I’ve argued more than once on this forum that sustainability is the future of Extension.
The challenges that are prompting calls for sustainable practices stem from a host of causes— environmental, economic and social — but virtually all of them to one degree or another relate to living and working in ways that address present-day needs without eroding the ability of future generations to meet their needs.
A news.google search of gubernatorial state of the state addresses conducted this morning underscores why there is no getting around that fact. Governors throughout the country are expanding their use of sustainability to underscore the importance of stewardship within a wider context that not only encompasses the environment but also economic and lifestyle practices.
“Taxpayer contributions for state employee pensions increased by 594 percent over the last 11 years, and for health care by 257 percent,” observed Delaware Gov. Jack Markell. “While this escalation is not sustainable, we value our state employees and they value the benefits they receive.”
Meanwhile, as part of his effort to “reinvent” Michigan, newly installed Gov. Rick Snyder rolled out his “sustainable business model” and chided public workers for their pension and benefit packages, describing them as “unsustainable financial model.”
Incoming New York Gov. Andrew Cuomo unveiled the Cleaner, Greener Communities to provide competitive grants to encourage communities to develop regional sustainable growth strategies in housing, transportation, emissions control and energy efficiency.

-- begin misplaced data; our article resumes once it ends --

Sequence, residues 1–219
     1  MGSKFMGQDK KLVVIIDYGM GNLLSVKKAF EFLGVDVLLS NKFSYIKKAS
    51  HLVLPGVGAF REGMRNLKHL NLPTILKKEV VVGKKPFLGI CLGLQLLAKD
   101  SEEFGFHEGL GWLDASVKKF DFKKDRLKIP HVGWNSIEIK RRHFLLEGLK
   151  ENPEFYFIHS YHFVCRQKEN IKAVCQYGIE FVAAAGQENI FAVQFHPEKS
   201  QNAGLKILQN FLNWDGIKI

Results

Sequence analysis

In neighboring New Jersey, Gov. Chris Christie stressed the urgency of putting unemployment insurance on a “long-term sustainable path.”
The growing public policy preoccupation with sustainability holds major implications for Cooperative Extension System. To put it bluntly, we’re in the driver’s seat in a way we have not been for decades.
We’re presented with a remarkable opportunity: a chance to demonstrate to our clients and stakeholders how all of us can play an integral role in developing and fostering new production systems and other approaches to address mounting environmental, economic and social concerns.
As I’ve stated time and again, no other organization is as well equipped to demonstrate sustainable practices within multiple contexts — to show how sustainability relates to all of us.
Granted, we can serve an important role demonstrating the values recycling and adopting greener production systems. But we have an even greater role to serve: introducing our clients and stakeholders to the bigger picture by demonstrating how all the major challenges of the day are best addressed by adopting sustainable practices.